Well the mahogany is cleared out of Stuís garage. We finished fabrication, loaded the last of a series of fixtures onto the box truck and drove Ďem up to their new home. Took every bit of space we could free up on the truck, too. Which means all of that stuff in the truck beforehand had to go somewhere, and we happened to be in front of Stuís garage at the time, so . . .
You couldnít fit a tea cozy in there now.
It doesnít bother either of us all that much, I guess. Other than to get at anything in the garage at this point youíd need a front end loader, a trained spaniel and a helluva lot of cold beer to celebrate .
Iíve lived with a lot of cabinet shops over the years, more than I care to remember. Contrary to what you might see on television or coffee table books the image of a lovely old time place with wide planked wood floors, a lovely multi-paned series of windows overlooking a snowy landscape with a smiling grandpa steadily planing down a sumptuous piece of virgin pine is, well . . . a pipe dream at best.
Every shop Iíve every worked in had a concrete slab for a floor. Concrete block for walls, no windows at all, and the only hand planes might be broken out once a month for a quick swipe at an offending protrusion. It was a dusty, noisy place with piles of scrap wood and plywood everywhere that nobody could bring themselves to toss out, it was sappingly hot in summer and chilled in winter because climate control over large open spaces is just damned expensive. You donít work wood efficiently if you donít have lots of wide open spaces, and it tends to come at the expense of extra dough to spend on air conditioning.
Iíve worked where forklifts brought bundles of plywood to huge panel saws, the saw had a computer controlling the number and size of cuts and the operator was basically a glorified load and unload man. Iíve off loaded thousands of sheets of stuff from a truck, made a pile, moved it sheet by sheet when the time came to cut it, cut it on a tiny table saw all by myself and gotten the same results as the big saw costing two years of my salary.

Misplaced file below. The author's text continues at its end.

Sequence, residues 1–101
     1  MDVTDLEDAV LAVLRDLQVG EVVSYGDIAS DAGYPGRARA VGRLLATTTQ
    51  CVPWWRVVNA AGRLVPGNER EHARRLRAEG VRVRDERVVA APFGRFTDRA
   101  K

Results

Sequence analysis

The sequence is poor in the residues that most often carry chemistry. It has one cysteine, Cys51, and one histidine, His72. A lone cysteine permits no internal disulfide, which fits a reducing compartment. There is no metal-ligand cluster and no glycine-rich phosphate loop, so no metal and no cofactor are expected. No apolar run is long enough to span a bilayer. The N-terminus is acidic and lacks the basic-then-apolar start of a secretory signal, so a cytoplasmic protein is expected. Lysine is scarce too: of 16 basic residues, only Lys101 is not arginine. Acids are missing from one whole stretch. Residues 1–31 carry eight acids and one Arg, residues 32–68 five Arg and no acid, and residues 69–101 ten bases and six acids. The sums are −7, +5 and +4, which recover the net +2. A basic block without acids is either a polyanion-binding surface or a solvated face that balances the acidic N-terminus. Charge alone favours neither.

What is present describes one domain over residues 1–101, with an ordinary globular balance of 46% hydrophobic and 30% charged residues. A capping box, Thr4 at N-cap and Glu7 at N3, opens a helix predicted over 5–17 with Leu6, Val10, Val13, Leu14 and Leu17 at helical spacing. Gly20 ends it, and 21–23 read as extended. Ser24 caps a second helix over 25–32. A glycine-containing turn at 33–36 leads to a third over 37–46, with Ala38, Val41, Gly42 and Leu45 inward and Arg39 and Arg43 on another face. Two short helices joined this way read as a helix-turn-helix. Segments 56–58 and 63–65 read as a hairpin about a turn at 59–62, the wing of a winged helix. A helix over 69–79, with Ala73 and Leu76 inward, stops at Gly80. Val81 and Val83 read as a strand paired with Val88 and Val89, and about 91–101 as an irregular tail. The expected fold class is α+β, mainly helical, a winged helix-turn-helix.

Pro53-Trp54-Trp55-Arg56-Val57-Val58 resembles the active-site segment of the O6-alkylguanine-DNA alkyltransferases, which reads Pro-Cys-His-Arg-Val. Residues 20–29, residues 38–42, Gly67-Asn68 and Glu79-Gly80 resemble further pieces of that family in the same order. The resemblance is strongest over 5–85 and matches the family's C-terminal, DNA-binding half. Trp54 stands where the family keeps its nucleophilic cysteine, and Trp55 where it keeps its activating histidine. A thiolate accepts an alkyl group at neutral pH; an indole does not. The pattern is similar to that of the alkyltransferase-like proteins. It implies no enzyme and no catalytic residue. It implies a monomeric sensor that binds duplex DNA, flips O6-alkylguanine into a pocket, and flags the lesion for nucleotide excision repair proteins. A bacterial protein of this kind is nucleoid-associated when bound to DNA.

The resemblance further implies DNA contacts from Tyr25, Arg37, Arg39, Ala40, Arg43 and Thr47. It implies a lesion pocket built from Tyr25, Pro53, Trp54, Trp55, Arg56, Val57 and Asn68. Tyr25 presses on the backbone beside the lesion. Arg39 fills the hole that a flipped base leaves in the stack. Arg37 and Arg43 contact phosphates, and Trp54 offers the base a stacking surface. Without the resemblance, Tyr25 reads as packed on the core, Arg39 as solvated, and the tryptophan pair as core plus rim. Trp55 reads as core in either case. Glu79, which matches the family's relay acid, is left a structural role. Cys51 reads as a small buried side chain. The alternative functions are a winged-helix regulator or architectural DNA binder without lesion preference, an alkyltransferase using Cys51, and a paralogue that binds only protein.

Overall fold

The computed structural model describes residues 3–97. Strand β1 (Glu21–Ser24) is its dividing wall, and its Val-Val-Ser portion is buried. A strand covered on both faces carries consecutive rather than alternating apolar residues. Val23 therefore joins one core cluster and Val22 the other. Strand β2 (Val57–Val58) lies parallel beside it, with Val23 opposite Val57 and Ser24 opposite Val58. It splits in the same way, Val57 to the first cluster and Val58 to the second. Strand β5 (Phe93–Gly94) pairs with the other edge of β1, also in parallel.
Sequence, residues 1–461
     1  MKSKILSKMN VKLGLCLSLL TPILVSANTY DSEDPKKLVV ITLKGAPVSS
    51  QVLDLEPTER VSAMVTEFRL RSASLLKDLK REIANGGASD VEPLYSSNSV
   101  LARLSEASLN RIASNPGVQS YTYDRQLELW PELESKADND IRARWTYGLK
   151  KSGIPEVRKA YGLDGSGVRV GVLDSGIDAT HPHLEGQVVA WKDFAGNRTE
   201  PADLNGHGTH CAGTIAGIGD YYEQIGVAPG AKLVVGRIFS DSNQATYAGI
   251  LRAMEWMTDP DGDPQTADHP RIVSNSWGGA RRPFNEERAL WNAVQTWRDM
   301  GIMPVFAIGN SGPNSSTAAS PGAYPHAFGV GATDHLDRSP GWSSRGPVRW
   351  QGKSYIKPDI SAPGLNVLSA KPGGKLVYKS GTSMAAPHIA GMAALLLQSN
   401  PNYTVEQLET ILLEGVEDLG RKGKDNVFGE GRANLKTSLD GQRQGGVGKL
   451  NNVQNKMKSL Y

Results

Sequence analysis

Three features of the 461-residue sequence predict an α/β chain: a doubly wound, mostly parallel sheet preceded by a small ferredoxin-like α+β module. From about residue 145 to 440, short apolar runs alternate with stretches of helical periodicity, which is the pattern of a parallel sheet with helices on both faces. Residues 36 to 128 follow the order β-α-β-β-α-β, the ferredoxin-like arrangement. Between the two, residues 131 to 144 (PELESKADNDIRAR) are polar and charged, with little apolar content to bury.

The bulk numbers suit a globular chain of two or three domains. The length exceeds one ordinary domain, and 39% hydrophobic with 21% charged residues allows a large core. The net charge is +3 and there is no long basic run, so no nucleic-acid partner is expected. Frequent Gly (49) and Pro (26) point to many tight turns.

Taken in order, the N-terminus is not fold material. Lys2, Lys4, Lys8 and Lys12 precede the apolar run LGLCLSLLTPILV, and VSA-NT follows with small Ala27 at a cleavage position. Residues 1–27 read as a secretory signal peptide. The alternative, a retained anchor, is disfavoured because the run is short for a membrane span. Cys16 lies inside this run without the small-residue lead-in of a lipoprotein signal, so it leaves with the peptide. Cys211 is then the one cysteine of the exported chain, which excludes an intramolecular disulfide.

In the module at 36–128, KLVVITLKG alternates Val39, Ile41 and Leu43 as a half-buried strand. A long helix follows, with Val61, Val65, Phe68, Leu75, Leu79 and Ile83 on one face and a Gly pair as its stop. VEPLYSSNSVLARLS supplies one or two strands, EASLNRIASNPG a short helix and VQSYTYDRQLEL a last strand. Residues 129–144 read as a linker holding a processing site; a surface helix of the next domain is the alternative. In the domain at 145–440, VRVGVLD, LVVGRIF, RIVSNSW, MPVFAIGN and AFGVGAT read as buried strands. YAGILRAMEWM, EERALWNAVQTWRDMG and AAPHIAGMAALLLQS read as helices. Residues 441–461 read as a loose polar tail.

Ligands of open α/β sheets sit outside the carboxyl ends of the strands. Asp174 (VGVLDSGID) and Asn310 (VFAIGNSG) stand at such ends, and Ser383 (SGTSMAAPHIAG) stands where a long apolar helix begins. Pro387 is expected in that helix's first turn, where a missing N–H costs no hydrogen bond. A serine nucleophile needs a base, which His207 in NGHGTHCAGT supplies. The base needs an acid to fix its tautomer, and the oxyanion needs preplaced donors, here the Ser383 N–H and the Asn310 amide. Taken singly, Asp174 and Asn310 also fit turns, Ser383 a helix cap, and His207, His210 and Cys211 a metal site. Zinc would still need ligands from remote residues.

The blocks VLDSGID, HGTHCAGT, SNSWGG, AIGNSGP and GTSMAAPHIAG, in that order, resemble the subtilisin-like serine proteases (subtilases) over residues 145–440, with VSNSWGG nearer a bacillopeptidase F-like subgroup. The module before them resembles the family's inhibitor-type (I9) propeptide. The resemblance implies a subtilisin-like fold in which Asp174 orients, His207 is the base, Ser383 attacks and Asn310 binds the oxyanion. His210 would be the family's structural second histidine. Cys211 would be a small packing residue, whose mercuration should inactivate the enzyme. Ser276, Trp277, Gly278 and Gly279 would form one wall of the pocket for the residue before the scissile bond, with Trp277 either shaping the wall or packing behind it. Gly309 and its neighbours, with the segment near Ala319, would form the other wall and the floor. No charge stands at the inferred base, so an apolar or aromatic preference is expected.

Iíve sucked enough wood dust and noxious chemical fumes for ten lifetimes. Splinters? Every week, it seems. Blood drawn? Enough to have Stu perfect a screeching litany at me at least a hundred times, ďStop bleeding on the product asshole!Ē It doesnít help, I still stick my hand where it doesnít belong and a utility knife is happy to lacerate a finger, yet again.
But I do get a heck of a lot done when the need hits.
I know my environment. High ceilings and weak lighting over large machines covered in dust, walls lined with clamps and a drill press and a calendar from the plywood salesman. A clock from the glue guy. Tools scattered over every horizontal surface instead of in the neat rows of bins where they belong. The smell of propane in winter from an open flame heater, the 3 foot fan that blows the heat around. The compressor kicking in with a roar every few minutes and the cool, wet feeling of compressed air from a nozzle blowing dust off every square inch of me at days end.
I guess I miss a big shop to build in and mostly just to hang out in. Itís an identity for both of us with room to store everything and work out of the weather. Stu and I both know that his garage just doesnít cut it in that regard. Itís a place to make inefficient money and drive his wife crazy with the mess.
Maybe one day Iíll have it back. Weíve had three spaces of our own in over eight years, cutting it out when the need just wasnít there and stashing stuff in self-stores or garages. And the amount of tools and useful stuff just never gets any smaller, our home garages are both jammed to the roof with what we own as a company right now.
But I wonít be the smiling guy with the hand plane, the leather apron and the neatly trimmed beard. If you want to find me, Iíll be the one sweating over in a corner with sawdust in my ears and a filthy T-shirt, hunched over a screaming drill and trying to stick an open utility knife in my palm.
Iíd pose for you but hey, Iím busy making stuff over here.
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